Our industry and our company have endured an enormous amount of change over the past several years. At Mosaic, we took advantage of market conditions as they changed, and we have made and are continuing to make structural improvements to strengthen the company for the long term. One area, though, that will not change: we will continue to operate responsively, with integrity and the highest degree of ethics. And we will maintain our commitment to our many constituents, our customers, who serve growers' needs, shareholders, employees, our communities, nongovernment organizations, and the governments, because the sustainability and prosperity of this enterprise is important to all those constituent groups.

I make this point because it is easy to lose sight of the big picture in challenging times. We have a vision that transcends day-to-day changes in the market, and we fully intend to bring that vision to fruition. Now we will take your questions. Operator?

Operator

As a reminder, to ask a question press *-1 on your telephone keypad. Your first question comes from Vincent Andrews with Morgan Stanley.

Vincent Andrews -- Morgan Stanley -- Analyst

Thank you and good morning, everyone. Just wondering if you could give a little bit more detail on your expectations this year as it relates to the Fertilizantes assets. And I guess just in terms of what production levels you're anticipating from a wholesale perspective, and as I look at the gross profit per ton that you've guided to, what that incorporates for synergies. And maybe you could just help us understand, and I know we don't have the fourth-quarter results yet in the pro formas, but what you think that the base is of 2017 when you strip out some of the other sort of non-GAAP or one-off issues that the company had last year.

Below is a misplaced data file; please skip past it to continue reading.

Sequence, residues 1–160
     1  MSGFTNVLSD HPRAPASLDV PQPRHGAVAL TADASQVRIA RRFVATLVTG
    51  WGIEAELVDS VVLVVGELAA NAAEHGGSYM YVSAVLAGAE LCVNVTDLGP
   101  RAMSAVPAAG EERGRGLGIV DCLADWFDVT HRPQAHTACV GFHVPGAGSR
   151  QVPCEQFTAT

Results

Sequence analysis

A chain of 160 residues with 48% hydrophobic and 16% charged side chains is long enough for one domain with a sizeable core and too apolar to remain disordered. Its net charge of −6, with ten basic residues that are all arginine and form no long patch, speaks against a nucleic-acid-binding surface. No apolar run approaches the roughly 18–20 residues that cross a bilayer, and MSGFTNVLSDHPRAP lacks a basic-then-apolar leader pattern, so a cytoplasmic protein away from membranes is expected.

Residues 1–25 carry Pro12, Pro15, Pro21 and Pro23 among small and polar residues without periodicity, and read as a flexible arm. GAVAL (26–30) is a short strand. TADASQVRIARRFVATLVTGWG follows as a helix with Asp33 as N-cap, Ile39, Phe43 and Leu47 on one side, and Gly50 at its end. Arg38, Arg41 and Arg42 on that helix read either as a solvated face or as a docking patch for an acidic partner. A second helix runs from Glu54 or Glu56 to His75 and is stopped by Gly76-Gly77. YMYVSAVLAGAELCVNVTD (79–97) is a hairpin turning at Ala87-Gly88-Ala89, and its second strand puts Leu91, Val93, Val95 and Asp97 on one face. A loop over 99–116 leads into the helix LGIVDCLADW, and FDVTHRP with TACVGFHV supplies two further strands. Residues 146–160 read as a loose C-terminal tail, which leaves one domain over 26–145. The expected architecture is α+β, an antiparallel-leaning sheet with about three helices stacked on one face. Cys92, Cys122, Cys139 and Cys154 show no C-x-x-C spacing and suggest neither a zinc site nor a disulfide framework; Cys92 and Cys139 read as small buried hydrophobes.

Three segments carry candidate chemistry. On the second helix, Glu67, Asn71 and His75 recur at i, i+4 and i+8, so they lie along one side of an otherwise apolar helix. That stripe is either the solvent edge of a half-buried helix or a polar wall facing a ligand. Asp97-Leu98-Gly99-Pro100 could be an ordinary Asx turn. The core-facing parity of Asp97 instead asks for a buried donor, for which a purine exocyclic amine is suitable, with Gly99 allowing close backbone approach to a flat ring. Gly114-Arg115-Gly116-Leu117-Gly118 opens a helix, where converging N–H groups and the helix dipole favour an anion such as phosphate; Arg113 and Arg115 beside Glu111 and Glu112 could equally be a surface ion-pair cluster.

I mean, just how would we -- how should we be thinking about tracking that year over year? Thanks.

James "Joc" O'Rourke -- President and Chief Executive Officer

Well, good morning, Vincent. Thanks for your question. So let me start by saying the expectations that we are guiding to are what we expect for the combined business of what is now Mosaic Fertilizantes, which is our distribution business, and our wholesale or B2B business, as we're calling it. And I'm going to let Rick talk a little bit about volume expectations and whatnot, but let me start by saying we are very excited about where this business can go.

Rick and I were there last -- two weeks ago touring the sites, and we just see so much opportunity there that we're pretty darn excited. And as we look at the places where we see those opportunities to add value, we believe we can drive real efficiencies across the mining, processing, and support-function areas, the normal kind of synergy areas. The one we don't talk much about or you don't hear too much about, though, is we see huge opportunities in our go-to-market strategy as well and what we can do there. And I'll give you a couple of examples here.

And we're also making, I think, really good progress toward the $275 million. And including in that is we expect $100 million of net benefits this year. So that's net of the -- any cost to achieve them. And we'll be -- as I mentioned in my earlier remarks, we'll be actually having an allowance for that in the first quarter.